Where do you put the bow on your outdoor wreath?

    You can put your bow at the top middle or bottom middle of your wreath, whatever you prefer. Make sure all the bows are placed on the same spot on all your wreaths, and that all the bows are the same. For a nostalgic look, opt for traditional red bows or patterned plaid bows. A 12" long bow will suit most window wreaths.

    Ultimately, the best method to use to hang your wreaths depends on the type of windows you have, so read through for 7 different methods of hanging wreaths on window glass - and find out which one I recommend as the best way of how to hang Christmas wreaths on outside windows. 

    7 Ways To Hang Wreaths On Windows:

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    Method 1: Ribbon 

    (Best for Top Down or Double Hung Window)

    You can easily hang a wreath with ribbon if you have a double hung window which opens from the top down:
    • Take a 4'-5' length of waterproof ribbon (at least 2.5" wide looks great). Use a pretty ribbon as it will be visible from the outside and inside of your home.
    • Put one end of the piece of ribbon through the wreath, bring the ends together, and tie a knot near the end. 
    • Lower the top window sash and, still holding to the knot end, lower the wreath over the top of the window on the outside. 
    • Raise the window sash. The knot will prevent the wreath from falling to the ground. You might need to play with the placement of the knot in order to get the wreath to land at the desired height on the window.
    Example from Smart Girls DIY

    Method 2: Floral Wire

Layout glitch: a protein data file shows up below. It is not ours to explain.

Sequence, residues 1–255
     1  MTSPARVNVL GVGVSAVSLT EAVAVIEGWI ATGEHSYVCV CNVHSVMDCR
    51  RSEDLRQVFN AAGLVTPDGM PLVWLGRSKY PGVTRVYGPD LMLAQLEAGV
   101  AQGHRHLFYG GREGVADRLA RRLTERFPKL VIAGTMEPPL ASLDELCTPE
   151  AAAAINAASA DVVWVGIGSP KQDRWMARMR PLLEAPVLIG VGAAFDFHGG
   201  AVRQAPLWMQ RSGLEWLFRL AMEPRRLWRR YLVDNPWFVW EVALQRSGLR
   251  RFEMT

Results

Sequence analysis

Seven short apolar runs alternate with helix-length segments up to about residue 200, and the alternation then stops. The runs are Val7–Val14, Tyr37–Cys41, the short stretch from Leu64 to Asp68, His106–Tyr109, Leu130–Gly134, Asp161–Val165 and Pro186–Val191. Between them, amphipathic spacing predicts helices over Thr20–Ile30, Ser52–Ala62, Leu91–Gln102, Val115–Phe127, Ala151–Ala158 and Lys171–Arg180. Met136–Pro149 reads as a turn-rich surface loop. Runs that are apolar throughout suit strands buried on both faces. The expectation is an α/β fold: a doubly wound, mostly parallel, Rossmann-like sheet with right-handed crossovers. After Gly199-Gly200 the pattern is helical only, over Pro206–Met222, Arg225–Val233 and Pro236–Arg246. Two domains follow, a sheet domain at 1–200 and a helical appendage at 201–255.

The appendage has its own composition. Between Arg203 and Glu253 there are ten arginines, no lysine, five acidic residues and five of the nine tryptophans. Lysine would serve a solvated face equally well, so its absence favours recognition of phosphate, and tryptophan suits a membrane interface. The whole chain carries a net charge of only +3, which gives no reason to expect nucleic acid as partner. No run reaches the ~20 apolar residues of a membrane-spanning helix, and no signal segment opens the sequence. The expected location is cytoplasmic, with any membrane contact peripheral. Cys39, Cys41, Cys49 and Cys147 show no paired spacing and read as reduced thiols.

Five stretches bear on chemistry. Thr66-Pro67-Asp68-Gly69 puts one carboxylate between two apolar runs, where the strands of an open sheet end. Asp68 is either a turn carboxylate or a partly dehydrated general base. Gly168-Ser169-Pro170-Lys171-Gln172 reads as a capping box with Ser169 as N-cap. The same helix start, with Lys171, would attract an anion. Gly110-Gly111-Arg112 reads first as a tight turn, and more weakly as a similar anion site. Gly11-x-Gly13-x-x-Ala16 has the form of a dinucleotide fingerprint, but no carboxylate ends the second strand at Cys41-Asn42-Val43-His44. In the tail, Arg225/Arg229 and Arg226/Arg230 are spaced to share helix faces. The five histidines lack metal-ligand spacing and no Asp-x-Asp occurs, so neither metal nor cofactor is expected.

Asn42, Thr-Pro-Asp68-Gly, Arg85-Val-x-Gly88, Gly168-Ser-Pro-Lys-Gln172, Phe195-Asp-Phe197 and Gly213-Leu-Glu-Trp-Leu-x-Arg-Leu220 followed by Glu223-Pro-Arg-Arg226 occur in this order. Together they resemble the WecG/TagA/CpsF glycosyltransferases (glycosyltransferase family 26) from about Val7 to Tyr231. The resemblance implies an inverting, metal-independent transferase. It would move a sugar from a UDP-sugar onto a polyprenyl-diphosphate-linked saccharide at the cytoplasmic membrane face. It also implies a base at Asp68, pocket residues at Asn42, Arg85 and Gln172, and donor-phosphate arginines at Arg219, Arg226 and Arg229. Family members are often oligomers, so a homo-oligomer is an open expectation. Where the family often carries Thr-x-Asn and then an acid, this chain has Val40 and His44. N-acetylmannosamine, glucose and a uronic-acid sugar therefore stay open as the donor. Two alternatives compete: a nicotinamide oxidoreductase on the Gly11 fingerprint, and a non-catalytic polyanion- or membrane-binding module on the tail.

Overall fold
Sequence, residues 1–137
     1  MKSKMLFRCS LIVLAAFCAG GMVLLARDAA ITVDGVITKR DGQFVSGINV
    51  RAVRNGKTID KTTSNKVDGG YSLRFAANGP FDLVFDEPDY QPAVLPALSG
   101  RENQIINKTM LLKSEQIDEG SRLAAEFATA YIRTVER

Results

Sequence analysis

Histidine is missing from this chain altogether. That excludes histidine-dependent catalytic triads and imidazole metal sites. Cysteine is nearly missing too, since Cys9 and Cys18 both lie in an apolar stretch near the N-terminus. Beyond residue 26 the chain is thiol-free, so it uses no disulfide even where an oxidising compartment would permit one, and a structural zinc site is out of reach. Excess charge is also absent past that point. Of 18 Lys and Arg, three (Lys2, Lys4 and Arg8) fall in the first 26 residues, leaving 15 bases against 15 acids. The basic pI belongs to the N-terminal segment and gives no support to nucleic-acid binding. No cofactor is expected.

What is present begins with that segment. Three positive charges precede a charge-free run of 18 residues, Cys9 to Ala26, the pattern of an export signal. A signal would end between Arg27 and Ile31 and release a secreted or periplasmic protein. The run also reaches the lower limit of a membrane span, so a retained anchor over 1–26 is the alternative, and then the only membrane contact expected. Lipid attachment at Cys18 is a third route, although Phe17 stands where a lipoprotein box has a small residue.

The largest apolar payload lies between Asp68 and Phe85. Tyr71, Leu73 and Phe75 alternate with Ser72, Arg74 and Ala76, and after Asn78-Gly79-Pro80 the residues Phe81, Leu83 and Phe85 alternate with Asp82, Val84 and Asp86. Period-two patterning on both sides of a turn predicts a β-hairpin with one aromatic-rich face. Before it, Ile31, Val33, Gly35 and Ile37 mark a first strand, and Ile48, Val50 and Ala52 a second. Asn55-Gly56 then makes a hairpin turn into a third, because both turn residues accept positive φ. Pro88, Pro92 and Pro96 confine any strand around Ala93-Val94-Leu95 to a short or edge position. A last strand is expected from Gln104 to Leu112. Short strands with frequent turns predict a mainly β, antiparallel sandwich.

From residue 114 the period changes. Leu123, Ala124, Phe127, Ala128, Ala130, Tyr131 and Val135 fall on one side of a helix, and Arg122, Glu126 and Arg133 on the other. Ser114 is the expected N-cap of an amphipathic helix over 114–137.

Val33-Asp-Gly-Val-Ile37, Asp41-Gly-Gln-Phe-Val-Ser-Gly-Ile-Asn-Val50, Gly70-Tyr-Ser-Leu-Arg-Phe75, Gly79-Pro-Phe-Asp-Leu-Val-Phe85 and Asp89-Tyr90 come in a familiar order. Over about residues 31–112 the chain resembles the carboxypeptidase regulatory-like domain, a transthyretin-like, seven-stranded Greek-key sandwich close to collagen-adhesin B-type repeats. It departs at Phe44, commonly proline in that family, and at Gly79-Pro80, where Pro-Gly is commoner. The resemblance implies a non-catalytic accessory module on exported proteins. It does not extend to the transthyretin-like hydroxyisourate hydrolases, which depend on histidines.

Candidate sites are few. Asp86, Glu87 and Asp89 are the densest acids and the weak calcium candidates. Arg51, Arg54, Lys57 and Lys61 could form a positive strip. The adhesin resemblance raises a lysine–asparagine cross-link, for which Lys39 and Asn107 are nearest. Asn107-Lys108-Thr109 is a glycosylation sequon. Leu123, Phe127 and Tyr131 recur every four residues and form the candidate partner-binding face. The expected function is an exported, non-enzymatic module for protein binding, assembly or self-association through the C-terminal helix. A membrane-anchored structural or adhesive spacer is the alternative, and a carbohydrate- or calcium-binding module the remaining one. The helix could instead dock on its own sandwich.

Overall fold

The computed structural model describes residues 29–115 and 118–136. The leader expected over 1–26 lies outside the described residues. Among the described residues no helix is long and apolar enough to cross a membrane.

(Best for Bottom Up or Single Hung Window)

    If your window opens from the bottom up, you can use stiff (yet almost invisible) floral wire to hold your wreath. You will need an extra pair of hands to help with this method:
    • Take a 4' length of floral wire
    • Put one end of the floral wire through the middle of the wreath and bring the ends of the wire together
    • From inside, have someone lift open the bottom window a few inches. From outside the window, slide the two floral wire ends up and over the bottom window. Have the person inside grab the floral wire ends.
    • While still holding the wire ends in one hand, push down and close the bottom window with the other hand
    • Lengthen or shorten the wires so that the wreath sits at the right location on the outside
    • Secure the wire ends by wrapping them around the window lock, or insert a pushpin on the top of the bottom window and wrap the wires around the pin

    Method 3: Suction Cup With Hook

    Another wreath hanging option is to affix a large suction cup hook to the window. Vacuum suction cups or suction cup hooks specifically designed to hold wreaths (wreath hangers) will work the best. Make sure the hook you use is rated to use for the weight of your wreath. This size is suitable for most wreaths, but for very heavy or extra large wreaths, consider using this stronger suction cup hook.

    suction cup wreath hook

    You can also use this method to hang wreaths on glass doors or on other smooth surface indoors. For instance, use a suction cup hook to hang a wreath on a mirror like we did over our fireplace.

    Method 4: Magnetic Wreath Hangers

    This method is ideal for hanging a wreath on a single pane window or hanging a wreath on a metal door. If you don't want to put a nail into your door, or use a 3M hook, consider using Magnetic wreath hangers. 

    For use on a window, you will need a two-pack of magnetic wreath hangers. The magnetic hooks are meant to sit on either side of your glass window with the wreath hanging on the outside. But note - this method will not work on thick double-pane glass.

    Method 5: Fishing Line 

    If you have shutters on either side of the window, one possible solution is to tie clear fishing line onto one shutter, take the open end of the wire and loop it through the frame of the wreath, and secure that end to the shutter on the other side. Ensure that the fishing line is nice and taut and will bear the weight of the wreath. The clear fishing line won't be visible behind your wreath.

    Similar to Method 1 and 2, you can also use fishing line to make your wreath appear "floating" on your window. Feed fishing line through your wreath which sits on the outside of your window, then secure the ends of the line inside your home.